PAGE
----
An interesting encounter with parallel programming on GPU

(Picture: wccftech)

Recently I was thinking about the time when I was buying a new laptop. One important component that I considered while buying the laptop was the Graphic Card. I had fantasized about using the laptop for everything from game development to video-editing, and had gone so far as to check the minimum as well as recommended GPU(Graphical processing unit) specifications for different software like Unreal Engine, Blender, and a few others. What I didn’t realize was when starting on your first job, and trying to get used to the work culture and the learning curve, free time or time for personal aspirations is hard to find. Not to mention that spending 9 hours a day working is way more exhausting than spending 8 hours a day studying (or pretending to study 😉 ) in college. So now I was just playing games made by others rather than trying to develop one, and not doing much of video-editing either.

Last week my friend asked if I wanted to try doing some parallel programming using the GPU, and I jumped at the opportunity and said yes. GPUs are primarily designed by two companies — NVIDIA and AMD — and they have large catalogs, but coincidentally my friend and I had the same GPU — the NVIDIA GEFORCE GTX 1650 and I was finally going to use it for something.

Originally, for working with GPUs, developers had to learn specialized languages like OpenGL which were used specifically for GPUs. But in 2007 NVIDIA launched the CUDA framework for general purpose computing on NVIDIA’s graphic processing units (GPU) hardware. CUDA can be used to add parallelism to our program in many popular languages like C, C++, Python, MATLAB, etc. This opened the gates to a lot of interesting uses of the GPUs like accelerating video or audio signal processing, scientific computing, computer vision, deep learning and even cryptography.

We decided to start with a basic program in Python and compare its performance when run on the CPU to that when run on the GPU.

We already had the setup ready, but if you want to try it too, follow these steps :

  1. Download and Install Anaconda (With Python 3.8)
  2. Download and install PyCharm (Community edition would suffice)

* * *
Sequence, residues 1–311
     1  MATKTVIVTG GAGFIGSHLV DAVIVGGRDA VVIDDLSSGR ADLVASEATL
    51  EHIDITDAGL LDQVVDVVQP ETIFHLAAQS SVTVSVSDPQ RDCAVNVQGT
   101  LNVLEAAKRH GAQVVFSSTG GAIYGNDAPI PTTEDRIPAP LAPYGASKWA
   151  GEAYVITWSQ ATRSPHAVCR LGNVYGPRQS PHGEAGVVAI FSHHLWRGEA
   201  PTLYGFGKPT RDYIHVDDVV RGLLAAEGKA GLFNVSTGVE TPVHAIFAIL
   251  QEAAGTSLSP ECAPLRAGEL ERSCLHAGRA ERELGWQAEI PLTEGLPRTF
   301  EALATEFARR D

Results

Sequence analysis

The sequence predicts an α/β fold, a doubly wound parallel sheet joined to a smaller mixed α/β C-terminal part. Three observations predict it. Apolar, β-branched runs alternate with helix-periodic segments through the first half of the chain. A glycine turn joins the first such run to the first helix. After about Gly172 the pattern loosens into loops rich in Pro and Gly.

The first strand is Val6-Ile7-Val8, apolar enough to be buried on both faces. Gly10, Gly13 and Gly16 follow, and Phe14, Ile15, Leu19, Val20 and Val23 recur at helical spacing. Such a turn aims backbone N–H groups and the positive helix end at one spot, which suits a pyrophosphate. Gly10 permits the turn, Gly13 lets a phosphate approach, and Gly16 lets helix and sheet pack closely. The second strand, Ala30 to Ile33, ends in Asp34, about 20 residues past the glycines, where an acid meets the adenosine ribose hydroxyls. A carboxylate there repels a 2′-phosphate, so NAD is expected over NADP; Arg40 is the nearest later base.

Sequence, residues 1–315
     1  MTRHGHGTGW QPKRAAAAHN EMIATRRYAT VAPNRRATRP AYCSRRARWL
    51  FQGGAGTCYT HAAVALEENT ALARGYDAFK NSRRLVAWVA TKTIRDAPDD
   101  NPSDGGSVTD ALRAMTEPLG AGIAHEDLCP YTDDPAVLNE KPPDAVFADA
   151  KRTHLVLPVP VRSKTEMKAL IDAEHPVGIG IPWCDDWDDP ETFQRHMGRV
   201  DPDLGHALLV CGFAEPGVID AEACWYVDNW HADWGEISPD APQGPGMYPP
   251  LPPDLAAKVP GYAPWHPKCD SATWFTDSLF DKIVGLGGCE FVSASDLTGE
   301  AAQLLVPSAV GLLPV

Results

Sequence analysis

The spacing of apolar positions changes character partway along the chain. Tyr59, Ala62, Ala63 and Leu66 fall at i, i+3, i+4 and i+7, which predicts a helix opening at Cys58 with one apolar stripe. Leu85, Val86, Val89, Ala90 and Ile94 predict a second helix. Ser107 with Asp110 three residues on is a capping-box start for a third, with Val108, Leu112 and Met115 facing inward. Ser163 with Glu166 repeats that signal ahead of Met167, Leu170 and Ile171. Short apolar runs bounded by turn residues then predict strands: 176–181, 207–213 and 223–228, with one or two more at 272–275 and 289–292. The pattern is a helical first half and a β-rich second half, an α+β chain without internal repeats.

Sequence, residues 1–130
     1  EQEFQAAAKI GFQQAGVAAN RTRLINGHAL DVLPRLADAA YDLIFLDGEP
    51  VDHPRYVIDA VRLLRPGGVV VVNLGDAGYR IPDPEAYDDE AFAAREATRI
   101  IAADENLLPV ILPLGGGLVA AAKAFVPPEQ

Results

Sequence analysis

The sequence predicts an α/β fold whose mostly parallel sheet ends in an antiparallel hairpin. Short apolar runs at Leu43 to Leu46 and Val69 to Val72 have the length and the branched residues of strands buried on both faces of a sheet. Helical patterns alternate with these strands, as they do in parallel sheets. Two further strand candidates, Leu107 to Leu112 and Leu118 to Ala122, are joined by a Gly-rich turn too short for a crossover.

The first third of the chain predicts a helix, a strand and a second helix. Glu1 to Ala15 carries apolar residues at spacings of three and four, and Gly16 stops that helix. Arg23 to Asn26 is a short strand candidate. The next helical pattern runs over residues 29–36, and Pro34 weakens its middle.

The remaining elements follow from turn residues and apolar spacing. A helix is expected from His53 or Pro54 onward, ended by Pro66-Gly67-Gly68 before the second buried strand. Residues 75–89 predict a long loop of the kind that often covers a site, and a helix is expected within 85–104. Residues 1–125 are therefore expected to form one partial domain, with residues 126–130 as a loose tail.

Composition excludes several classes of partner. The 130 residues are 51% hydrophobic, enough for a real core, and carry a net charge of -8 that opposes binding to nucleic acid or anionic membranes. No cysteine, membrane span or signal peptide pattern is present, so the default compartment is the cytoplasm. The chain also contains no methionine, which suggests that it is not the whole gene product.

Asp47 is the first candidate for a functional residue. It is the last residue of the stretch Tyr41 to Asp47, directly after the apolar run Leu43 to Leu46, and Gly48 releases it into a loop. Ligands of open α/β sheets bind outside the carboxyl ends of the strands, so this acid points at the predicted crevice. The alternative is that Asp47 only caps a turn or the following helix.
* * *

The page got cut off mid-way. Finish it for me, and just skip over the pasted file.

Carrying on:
3. Download and install a stable release of MS Visual Studio (Currently it is 2019 version 16.9.3)
  4. Open Anaconda prompt and run
conda install numba
conda install cudatoolkit

For our comparison, we used a simple program that increments each element of a very large array by 1. You can find the code in the answer to this question. Theoretically CPU will obviously execute it sequentially while the GPU will execute some chunks parallelly, thus reducing the execution time. And practically also, GPU did take less time for executing the program. But now starts the interesting part. Look at my results and my friend’s results below :

More than disappointed, I was confused. As you can see we both had kept the array size as 10⁷, both had written the exact same lines of code, both had the exact same GPU, and still my program took 1.36 seconds to run with the GPU, which was more than 4 times of what her program took — 0.32 seconds. We tried running it multiple times and the results were similar each time. Now the obvious culprit was the GPU, so we checked its specifications in the NVIDIA Control Panel -> System Information.

To our surprise, this is what we found :

We had completely different Graphic cards, at least specification-wise, to which NVIDIA decided to give the same name. It is like having 6-GB and 8-GB variants of the same smart-phone, only difference is when buying the mobile phone we are aware of what specs we are paying for. So I opened the NVIDIA website to see if they had mentioned these two versions of the GTX-1650 card. Now there are two versions mentioned alright, but these still have the same number of CUDA cores :

https://www.nvidia.com/en-us/geforce/graphics-cards/gtx-1650/

So I searched some more and found out that many others have also had the same confusion regarding the GTX-1650 specifications, you can read some of the threads here and here. Then I found out that NVIDIA indeed has a GTX 1650 version with 1024 CUDA cores, and it is mentioned on a different page on their website :

https://www.nvidia.com/en-eu/geforce/gaming-laptops/gtx-1650/

Whatever NVIDIA’s logic for this confusing naming might be, I was happy that at least I know the reason why I was getting different results, it was because of the CUDA cores, and if you are planning to buy a laptop on which you want to do parallel programming, do pay attention to the number of CUDA cores.

But the story doesn’t end here, there’s a twist. When I sat down to write this article today, I thought of running the same program again. See the results for 3 successive runs of the program for yourself :

And after this it consistently gave execution time between 0.2 and 0.3 seconds. Now I am both happy and confused. Happy that it finally takes similar execution time as my friend, but again confused as to how did the execution time magically come down! And what about the difference in number of CUDA cores! It remains a mystery. If I find out what is going on I will update on it, but for now, I am going with the wrong assumption that probably I had too many Chrome tabs, and screen sharing going on and too many applications open that day, which somehow impacted the GPU performance.

Have a good day ! Ciao.

A curious and creative problem solver. All I wanna be, is everything at once.

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